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Jeremy Brecher collection of Joseph Eyer material

Ms. Coll. 1404

This is a finding aid. It is a description of archival material held at the University of Pennsylvania. Unless otherwise noted, the materials described below are physically available in our reading room, and not digitally available through the web.

Summary Information

Repository:
University of Pennsylvania: Kislak Center for Special Collections, Rare Books and Manuscripts
Creator:
Brecher, Jeremy
Creator:
Eyer, Joe
Title:
Jeremy Brecher collection of Joseph Eyer material
Date [inclusive]:
1969-1982
Call Number:
Ms. Coll. 1404
Extent:
1 linear foot (3 boxes)
Language:
English
Abstract:
Joseph (Joe) Eyer (1944-2017) was a scholar from Philadelphia whose research focused on social causes and health effects of stress. This collection includes Eyer’s writings (both published and unpublished) on medicine, mental illness, and socio-economic issues related to stress; course material from his doctoral program in biology at the University of Pennsylvania; and letters to and collaborative engagement with his colleagues, in particular, Jeremy Brecher, Ingrid Waldron, and Peter Sterling. This collection documents the Philadelphia scholars' research on topics including mortality, addiction, suicide, ecology, physiology, and sex.
Cite as:
Jeremy Brecher collection of Joseph Eyer material, 1969-1982, Ms. Coll. 1404, Kislak Center for Special Collections, Rare Books and Manuscripts, University of Pennsylvania
PDF Version:

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Biography/History

Joseph (Joe) Eyer (1944-2017) was a scholar from Philadelphia whose research focused on social causes and health effects of stress. He and his colleague, Peter Sterling, coined the term "allostasis," an alternative view of physiological regulation which goes beyond its homeostatic roots, offering novel insights relevant to our understanding and treatment of several chronic health conditions.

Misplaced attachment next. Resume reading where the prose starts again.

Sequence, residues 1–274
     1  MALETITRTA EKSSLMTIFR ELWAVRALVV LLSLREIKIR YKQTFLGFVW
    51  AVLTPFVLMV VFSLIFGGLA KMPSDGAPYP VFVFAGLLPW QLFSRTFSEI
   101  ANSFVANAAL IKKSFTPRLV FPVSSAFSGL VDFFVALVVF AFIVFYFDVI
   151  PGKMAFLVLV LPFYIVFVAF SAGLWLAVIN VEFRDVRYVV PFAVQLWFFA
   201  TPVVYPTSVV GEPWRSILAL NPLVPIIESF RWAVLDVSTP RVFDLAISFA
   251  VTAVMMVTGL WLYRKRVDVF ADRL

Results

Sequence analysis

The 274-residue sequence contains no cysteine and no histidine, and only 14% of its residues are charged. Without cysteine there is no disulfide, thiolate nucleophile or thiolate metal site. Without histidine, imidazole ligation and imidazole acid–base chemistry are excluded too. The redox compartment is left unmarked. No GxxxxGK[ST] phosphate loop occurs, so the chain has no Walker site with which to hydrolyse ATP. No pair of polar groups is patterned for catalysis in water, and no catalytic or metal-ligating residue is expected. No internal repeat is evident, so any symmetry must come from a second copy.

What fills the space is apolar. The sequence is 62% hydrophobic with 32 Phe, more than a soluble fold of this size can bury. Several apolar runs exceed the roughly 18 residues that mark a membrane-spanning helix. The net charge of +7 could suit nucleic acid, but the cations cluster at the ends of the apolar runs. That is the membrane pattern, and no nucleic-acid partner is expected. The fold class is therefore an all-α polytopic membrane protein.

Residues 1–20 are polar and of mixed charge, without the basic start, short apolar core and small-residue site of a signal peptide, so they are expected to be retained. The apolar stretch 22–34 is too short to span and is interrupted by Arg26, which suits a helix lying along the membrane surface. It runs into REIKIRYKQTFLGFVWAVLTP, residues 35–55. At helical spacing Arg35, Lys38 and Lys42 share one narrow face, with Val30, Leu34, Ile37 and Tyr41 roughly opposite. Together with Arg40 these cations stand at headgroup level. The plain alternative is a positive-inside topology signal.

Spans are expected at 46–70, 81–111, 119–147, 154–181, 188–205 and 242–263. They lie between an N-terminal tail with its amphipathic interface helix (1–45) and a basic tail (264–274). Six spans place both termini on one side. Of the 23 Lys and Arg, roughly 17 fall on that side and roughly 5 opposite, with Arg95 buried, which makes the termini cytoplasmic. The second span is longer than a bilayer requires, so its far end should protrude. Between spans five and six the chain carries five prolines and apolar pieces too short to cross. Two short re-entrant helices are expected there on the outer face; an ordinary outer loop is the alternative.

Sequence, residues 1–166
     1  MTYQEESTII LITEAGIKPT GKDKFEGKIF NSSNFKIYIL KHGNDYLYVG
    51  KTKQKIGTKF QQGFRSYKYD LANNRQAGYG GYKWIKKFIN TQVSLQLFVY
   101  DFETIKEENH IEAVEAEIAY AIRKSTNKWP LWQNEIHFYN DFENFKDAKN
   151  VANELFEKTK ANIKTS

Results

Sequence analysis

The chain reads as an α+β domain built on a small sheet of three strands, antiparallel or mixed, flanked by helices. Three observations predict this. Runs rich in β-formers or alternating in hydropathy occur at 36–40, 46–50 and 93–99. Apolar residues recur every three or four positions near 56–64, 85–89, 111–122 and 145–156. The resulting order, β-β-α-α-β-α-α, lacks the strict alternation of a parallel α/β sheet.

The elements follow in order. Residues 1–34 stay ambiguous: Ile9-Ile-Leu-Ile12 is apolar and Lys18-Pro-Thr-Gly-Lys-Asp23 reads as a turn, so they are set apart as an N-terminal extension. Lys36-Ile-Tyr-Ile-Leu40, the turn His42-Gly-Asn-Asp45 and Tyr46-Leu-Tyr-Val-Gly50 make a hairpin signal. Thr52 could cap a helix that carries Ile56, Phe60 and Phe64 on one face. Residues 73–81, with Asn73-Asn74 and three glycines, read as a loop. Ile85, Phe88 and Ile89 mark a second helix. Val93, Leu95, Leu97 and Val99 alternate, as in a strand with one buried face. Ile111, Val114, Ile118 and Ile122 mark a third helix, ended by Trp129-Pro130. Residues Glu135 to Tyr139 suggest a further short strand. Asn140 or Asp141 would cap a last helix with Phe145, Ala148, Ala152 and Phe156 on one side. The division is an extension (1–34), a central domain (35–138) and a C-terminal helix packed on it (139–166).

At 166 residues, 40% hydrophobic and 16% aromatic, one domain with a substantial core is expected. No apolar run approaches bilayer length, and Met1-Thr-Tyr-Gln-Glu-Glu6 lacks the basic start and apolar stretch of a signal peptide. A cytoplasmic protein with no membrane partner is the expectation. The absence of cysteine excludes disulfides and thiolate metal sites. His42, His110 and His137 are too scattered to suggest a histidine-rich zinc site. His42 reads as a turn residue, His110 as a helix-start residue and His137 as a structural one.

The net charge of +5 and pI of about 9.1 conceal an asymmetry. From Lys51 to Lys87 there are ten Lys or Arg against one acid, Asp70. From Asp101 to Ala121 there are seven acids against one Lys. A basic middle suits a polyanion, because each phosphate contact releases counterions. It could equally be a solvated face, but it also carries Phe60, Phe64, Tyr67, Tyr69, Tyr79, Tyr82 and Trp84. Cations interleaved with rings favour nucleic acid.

He grew up in a single-mother household in West Philadelphia. Eyer attended Central High School; and in 1962, he graduated as a valedictorian from Haverford College, his education funded by a Westinghouse Science Scholarship. In 1978, he received his PhD from the University of Pennsylvania with a dissertation examining the social sources of stress and disease patterns. Eyer was married to Ingrid Waldron, a professor at the University of Pennsylvania, and was father to Katie and Jessie.

Throughout his education and early career, he was involved in organizing around a variety of radical causes, and also worked with the Civil Rights Movement in the South. He continued his academic career as a lecturer at Penn (1972-1984), Rutgers University (1985-1986), and Brooklyn College (1986-1987). In the late 1980s, his brilliant academic career was cut short as his bipolar disorder prevented him from further publishing. He died by suicide in 2017.

Scope and Contents

This collection includes the research and writings of Joseph Eyer which focused on social causes and health effects of stress. Researchers will find his scholarly and personal writings on medicine, mental illnesses, and socio-economic issues related to stress; course material from his Biology doctoral program at University of Pennsylvania; and letters to and collaborative works with his colleagues, especially Jeremy Brecher, Ingrid Waldron, and Peter Sterling. His works also examine topics of mortality, addiction, suicide, ecology, physiology, and sex. While exploring socio-economic issues, Eyer focused on the roles of capitalism and unemployment. His papers reflect an eclectic fusion of hard and social sciences, as Eyer's personal struggle with bipolar disorder led him to look into both physiological and sociological factors behind mental illnesses. Eyer found a great source of support and mentorship in Jeremy Brecher, who worked as a Fulbright researcher, editor, and Emmy-winning playwright and was heavily involved in social justice and civil rights activist movements.